This attitude is attributable, in part, to an indisputable reduction in the most serious consequences of COVID-19. Although new variants are causing more breakthrough infections, vaccines remain protective against severe illness. During the current surge, COVID deaths have been steady at around three hundred a day—still too many, but near pandemic lows—and hospitalizations have risen modestly. But our apathy also seems related to a pandemic malaise—an inability or unwillingness to devote more cognitive and material resources to a problem that refuses to leave us alone. Congress has so far failed to fund an adequate supply of vaccines, tests, and treatments this winter, suggesting that the country has retreated not only from controversial mandates but from the most basic tools of public health.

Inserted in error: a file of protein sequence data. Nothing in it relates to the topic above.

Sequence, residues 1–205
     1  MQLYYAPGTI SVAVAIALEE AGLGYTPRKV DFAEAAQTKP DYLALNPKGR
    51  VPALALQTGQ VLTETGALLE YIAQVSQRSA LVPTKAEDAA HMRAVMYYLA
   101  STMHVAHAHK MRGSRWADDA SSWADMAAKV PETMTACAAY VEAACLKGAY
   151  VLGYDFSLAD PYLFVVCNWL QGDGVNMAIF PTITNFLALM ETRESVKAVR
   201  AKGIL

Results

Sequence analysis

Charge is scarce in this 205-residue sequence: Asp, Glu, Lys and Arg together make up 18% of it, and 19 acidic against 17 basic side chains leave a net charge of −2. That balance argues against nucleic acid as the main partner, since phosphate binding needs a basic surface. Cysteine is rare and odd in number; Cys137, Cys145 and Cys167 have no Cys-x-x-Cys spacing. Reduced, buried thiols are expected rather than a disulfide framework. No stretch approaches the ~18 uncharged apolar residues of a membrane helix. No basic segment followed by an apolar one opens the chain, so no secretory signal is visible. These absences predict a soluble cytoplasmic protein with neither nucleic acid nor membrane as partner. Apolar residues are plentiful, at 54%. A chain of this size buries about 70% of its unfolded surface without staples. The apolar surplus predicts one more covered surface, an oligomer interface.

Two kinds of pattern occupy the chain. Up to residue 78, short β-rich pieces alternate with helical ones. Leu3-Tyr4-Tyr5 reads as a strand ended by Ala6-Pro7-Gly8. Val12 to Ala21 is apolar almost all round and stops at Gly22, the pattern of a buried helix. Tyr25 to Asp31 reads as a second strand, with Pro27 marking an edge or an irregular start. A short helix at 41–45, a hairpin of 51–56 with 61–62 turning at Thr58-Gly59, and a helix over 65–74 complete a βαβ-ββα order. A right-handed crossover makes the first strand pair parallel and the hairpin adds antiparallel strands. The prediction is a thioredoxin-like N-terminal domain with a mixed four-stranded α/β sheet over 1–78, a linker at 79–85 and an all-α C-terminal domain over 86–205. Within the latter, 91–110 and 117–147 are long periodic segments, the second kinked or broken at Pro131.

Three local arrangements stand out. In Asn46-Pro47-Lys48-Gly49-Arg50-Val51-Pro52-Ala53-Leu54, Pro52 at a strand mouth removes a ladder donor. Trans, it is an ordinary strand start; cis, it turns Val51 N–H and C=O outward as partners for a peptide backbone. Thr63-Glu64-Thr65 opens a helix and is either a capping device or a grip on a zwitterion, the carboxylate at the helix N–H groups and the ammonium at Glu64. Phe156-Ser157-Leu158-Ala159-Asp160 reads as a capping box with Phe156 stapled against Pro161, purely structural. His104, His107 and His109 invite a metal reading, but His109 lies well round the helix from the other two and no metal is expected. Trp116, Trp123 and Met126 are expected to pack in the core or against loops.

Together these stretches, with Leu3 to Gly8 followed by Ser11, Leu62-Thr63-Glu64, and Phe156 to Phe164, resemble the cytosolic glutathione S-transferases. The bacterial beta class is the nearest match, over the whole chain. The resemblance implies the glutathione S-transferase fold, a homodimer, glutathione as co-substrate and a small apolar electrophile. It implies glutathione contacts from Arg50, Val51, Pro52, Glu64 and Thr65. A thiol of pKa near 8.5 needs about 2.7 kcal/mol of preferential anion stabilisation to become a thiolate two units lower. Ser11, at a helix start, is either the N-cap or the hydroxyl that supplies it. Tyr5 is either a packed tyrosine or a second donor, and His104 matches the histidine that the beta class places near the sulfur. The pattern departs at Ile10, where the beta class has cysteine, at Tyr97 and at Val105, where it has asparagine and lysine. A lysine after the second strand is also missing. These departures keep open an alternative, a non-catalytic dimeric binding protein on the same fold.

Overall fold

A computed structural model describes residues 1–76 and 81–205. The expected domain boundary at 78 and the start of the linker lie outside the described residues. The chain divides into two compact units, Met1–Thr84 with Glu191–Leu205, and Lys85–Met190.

(Video) Will the COVID-19 pandemic ever end?

As a physician, I have struggled to know what to make of this moment in the pandemic, and I fear that it will last a long time. “We may be in this phase forever,” Robert Wachter, the chair of the department of medicine at the University of California, San Francisco, told me. Lately, I’ve been seeking out people who have shaped the COVID discourse—experts who have not only shared and interpreted information but helped to construct a pandemic narrative and, in doing so, influenced policymakers and the public. I wanted to understand how their thinking has changed on key questions now facing the country: How should we live? Who should decide? How long will this last? As the coronavirus has become less deadly yet more difficult to contain, they told me, strategies that defined the early pandemic have fallen away, and responsibility for our everyday behavior has shifted away from public-health officials and toward individuals. In the coming months, we’ll learn the consequences of this approach.